Nathan Abrams, a senior lecturer in film studies at Bangor University in Wales who has written widely on Jews in popular culture, agrees that the shows are unlikely to have a lasting impact on the image of Jews in Britain. “Someone will watch this, think, ‘I’ll tweet about it,’ and then move on to ‘The X Factor’ while we’re still wringing our hands,” he says.
He credits the boom in Jewish-themed programs to the increasing confidence of younger British Jews, who, unlike their elders, are not “shy or timid” about being Jewish in the public arena. And once one program about Jews is successful, he adds, other channels rush to emulate its success. The question for him is why television executives seem unable to portray Jews in a sophisticated manner.
Echoing Lebrecht, he says that “with the exception of ‘Grandma’s House,’ the others fit into a pattern of tending towards cliche. It’s as if, to make it Jewishly interesting, they have to dilute it and reduce it to a cliched minimum. They make it so obvious, you can’t miss it.”
He suggests that television executives are still afraid that audiences will not understand a show’s Jewish aspects unless they are blunt and exaggerated. But another factor, he says, is simply the novelty of making television about Jews. “The audience is not so familiar with Jews, so [producers] have to make it cartoon-like to get it across. It’s a direct result of not having given these images before,” he says.
He draws a parallel with movies about the Holocaust. Initially, he says, they were serious and didactic, “telling you what happened. The high point was ‘Schindler’s List.’ After ‘Schindler’s List,’ the facts were established, and it was possible to produce stories that were more nuanced and interesting. The notion of the monolithic Nazi killers versus the saintly Jewish martyrs breaks down with movies like ‘The Grey Zone,’ ‘The Boy in the Striped Pajamas’ and ‘The Pianist.’
“One can only hope that after the slow trickle in television to this point, we will start to get something more interesting.”
For the editor of London’s Jewish News, Richard Ferrer, that moment is already here. He offers a staunch defense of “Jewish Mum of the Year,” which started out as a competition in his free publication, with the winner to become the paper’s new advice columnist. Channel 4 decided to adapt the concept for national television, and Ferrer now supervises the mothers’ tasks onscreen.
He denies that the show is cliched, arguing rather that it shows Jews as modern and diverse by showcasing women with different levels of religious observance who come from different areas of the country — not just London, where most British Jews are concentrated.
“Here is finally a show that is not about black hats, beards, lulavs and etrogs, but about women getting on with life, figuring out how to raise their families,” he says. “Underpinning it is the epicenter of their lives, Judaism.”
British television, one observer says, is not suddenly obsessed with Jews, but is showing a broader interest in the challenges of multiculturalism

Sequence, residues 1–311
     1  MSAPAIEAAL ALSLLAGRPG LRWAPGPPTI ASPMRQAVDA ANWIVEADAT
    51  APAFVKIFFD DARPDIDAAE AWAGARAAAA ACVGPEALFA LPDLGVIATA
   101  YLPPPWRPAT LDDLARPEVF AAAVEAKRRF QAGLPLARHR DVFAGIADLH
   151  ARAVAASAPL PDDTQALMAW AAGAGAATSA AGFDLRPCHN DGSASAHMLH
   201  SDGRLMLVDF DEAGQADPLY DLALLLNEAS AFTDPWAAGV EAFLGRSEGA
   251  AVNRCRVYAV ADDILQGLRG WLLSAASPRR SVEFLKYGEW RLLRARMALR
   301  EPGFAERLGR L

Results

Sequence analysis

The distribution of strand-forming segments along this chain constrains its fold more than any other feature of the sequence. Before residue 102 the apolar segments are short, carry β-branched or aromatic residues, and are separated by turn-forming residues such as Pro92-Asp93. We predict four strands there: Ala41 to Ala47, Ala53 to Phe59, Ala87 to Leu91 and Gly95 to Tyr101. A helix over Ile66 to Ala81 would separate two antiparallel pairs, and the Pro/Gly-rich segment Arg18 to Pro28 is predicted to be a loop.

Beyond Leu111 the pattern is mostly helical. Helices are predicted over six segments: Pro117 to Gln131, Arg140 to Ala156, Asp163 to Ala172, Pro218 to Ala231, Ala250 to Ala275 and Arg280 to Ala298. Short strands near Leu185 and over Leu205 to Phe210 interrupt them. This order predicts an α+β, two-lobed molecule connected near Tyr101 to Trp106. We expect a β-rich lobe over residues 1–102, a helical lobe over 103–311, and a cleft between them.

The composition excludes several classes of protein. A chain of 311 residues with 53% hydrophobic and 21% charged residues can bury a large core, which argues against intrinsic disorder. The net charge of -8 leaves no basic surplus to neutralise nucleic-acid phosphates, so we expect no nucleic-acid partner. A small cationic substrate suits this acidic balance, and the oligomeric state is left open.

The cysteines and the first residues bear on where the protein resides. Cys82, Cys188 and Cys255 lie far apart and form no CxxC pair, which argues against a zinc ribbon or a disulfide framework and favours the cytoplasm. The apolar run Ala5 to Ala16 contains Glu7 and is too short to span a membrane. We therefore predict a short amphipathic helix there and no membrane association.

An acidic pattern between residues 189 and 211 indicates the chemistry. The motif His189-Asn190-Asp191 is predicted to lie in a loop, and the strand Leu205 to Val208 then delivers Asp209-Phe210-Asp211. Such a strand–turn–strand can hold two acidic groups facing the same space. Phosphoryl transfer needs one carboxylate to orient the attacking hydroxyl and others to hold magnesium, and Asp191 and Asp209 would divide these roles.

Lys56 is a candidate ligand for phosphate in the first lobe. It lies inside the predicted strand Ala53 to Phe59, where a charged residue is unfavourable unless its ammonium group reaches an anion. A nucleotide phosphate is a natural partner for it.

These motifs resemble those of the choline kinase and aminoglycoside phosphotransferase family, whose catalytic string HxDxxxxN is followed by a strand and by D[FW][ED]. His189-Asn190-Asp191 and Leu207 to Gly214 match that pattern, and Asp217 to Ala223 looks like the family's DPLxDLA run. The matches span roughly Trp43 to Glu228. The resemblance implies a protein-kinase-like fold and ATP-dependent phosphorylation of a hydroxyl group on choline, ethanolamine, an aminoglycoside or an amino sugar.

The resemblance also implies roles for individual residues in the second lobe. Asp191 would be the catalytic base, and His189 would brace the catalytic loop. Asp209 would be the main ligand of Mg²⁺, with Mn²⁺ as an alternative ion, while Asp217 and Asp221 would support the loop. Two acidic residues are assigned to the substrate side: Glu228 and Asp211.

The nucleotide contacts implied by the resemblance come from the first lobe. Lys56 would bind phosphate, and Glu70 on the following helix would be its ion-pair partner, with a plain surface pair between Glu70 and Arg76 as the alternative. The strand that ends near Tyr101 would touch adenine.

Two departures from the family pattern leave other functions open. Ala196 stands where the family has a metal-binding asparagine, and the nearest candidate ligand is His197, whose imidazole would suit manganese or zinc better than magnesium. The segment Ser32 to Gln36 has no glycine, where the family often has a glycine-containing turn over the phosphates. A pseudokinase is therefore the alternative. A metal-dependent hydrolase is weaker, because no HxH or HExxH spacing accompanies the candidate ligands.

The scene in which two women battled over who was a better Jew — which, anecdotally, seemed to embarrass so many viewers — was for him a source of pride.
“They were chalk and cheese — as different culturally as two women can be, yet they were both Jewish. That is the crux of the program.”
The episode was watched by 1.5 million people, and Ferrer says that the response from non-Jews has been “unbelievable,” with dozens of positive letters from viewers and a request from the mayor of Dublin to meet the Irish single Jewish mother who was ejected at the end of the first episode for baking a bar mitzva cake out of a packet.
“At the end of the day, people in their heart of hearts are good, decent, tolerant people, and they recognize good, and family values, in others. They don’t judge, and are not racist. Those that are are shown up through programs like this.”
The Jewish response, he admits, has been “polarized,” with negative comments generally coming from more Orthodox parts of the community.
“I have had to develop thick skin very rapidly,” he says.
While he has some sympathy for the program’s opponents — who are motivated, he says, by a misplaced fear of anti-Semitism — he ultimately believes that they are out of touch with the zeitgeist. British television, he says, is not suddenly obsessed with Jews, but is showing a broader interest in all minorities as the country grapples with the challenges of multiculturalism.
“We are trying to figure out who we are as a country, post-riots and with all our immigration issues,” he says, referring to the widespread disturbances in London in the summer of 2011. “We are trying to see who we are as a culture, which influences are at hand.”
Channel 4, which broadcast “Jewish Mum of the Year,” has a particular established interest in “demystifying communities,” having run two seasons of a very successful, flamboyant series about the Roma in Britain, called “My Big Fat Gypsy Wedding.” The Jews, argues Ferrer, must accept that openness to the media is essential nowadays.
“We all know what we’ve gone through in the 20th century. We are now in the 21st century, and the media is bonkers. Everyone wants to know everything. Jews need to adapt and change in a way that makes us part of the culture. Ghettoization is not an option.
“Jewish culture has so much to offer in terms of family culture, working hard, Friday night dinner. We need to convey this.”
He may soon get his wish. Even before the “Jewish Mum of the Year” winner is crowned, at least one more Jewish reality television show is in the works, with Bernette Clarke and Joel Lever from “Strictly Kosher” teaming up to run a party-planning business for weddings and bar mitzvas. A pilot has already been filmed, and if all goes well, could be coming to British TV within months.
Jewish-British television clearly has a way to run.